John Harfouch
University of Alabama, Huntsville
The scientific and philosophical approach to pain must be supplemented by a hermeneutics studying how racism has complicated the communication of pain. Such an investigation reveals that not only are non-white people seen as credibly speaking their pain, but also pain “science” is one of the ways races have historically been constructed. I illustrate this through a study of Frantz Fanon’s clinical writings, along with eighteenth- and nineteenth-century slave-owners’ medical manuals and related documents. I suggest that, with this history, what philosophers understand as the problem of pain is best framed as the problem of colonial violence.
Keywords IASP definition of pain   Frantz Fanon   subaltern   philosophy of mind   racism
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DOI 10.14394/eidos.jpc.2019.0034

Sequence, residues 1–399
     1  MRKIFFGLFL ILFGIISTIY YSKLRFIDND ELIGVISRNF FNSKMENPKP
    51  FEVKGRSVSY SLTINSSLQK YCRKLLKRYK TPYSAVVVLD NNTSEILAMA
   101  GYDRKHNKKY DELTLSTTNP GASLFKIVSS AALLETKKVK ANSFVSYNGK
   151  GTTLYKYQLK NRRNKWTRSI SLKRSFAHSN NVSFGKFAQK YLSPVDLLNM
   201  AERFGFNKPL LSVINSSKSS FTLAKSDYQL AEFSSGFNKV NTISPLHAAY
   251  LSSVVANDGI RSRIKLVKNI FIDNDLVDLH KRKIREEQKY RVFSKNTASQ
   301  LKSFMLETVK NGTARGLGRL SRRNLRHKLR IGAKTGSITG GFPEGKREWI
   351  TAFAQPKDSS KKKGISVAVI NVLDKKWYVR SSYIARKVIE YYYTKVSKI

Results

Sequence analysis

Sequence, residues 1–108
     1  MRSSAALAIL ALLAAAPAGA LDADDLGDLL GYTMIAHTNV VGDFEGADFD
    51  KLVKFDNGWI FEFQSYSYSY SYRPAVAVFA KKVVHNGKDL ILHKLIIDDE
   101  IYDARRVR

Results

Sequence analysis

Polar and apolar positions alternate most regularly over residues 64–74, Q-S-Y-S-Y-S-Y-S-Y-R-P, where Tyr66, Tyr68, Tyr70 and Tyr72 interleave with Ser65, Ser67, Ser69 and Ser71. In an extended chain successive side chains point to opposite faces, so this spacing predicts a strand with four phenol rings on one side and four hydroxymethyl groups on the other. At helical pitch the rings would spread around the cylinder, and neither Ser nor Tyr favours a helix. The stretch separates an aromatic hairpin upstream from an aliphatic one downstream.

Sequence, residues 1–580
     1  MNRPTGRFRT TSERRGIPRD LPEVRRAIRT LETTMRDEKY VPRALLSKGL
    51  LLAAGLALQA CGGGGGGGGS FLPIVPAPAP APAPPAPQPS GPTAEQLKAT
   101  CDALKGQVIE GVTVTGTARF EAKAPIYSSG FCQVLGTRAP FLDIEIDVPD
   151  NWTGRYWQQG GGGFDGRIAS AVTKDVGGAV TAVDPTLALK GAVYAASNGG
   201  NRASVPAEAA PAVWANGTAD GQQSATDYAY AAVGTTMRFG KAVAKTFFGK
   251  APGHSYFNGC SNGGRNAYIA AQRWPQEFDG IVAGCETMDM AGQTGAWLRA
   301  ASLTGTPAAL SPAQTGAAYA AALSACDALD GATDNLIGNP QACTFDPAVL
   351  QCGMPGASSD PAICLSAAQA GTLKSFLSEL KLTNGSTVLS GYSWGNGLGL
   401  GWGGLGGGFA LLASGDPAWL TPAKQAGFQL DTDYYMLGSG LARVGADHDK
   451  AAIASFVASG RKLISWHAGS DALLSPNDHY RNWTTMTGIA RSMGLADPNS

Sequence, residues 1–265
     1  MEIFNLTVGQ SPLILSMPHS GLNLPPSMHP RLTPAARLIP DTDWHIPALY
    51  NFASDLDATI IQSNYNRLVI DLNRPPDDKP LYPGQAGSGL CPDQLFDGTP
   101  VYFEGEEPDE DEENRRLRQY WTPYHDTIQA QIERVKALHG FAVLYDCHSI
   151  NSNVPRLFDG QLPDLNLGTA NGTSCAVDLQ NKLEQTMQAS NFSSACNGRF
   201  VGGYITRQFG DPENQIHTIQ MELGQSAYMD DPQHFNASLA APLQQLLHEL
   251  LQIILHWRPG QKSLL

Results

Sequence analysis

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References found in this work BETA

Can the Subaltern Speak?Gayatri Chakravorty Spivak - 1988 - Die Philosophin 14 (27):42-58.
Defending the IASP Definition of Pain.Murat Aydede - 2017 - The Monist 100 (4):439–464.
Ow! The Paradox of Pain.Christopher S. Hill - 2005 - In Murat Aydede (ed.), Pain: New Essays on its Nature and the Methodology of its Study. Cambridge Ma: Bradford Book/Mit Press.
'Report on the Diseases and Physical Peculiarities of the Negro Race'.Samuel A. Cartwright - 2004 - In Arthur Caplan, James J. McCartney & Dominic A. Sisti (eds.), Health, Disease, and Illness: Concepts in Medicine. Georgetown University Press. pp. 28--39.

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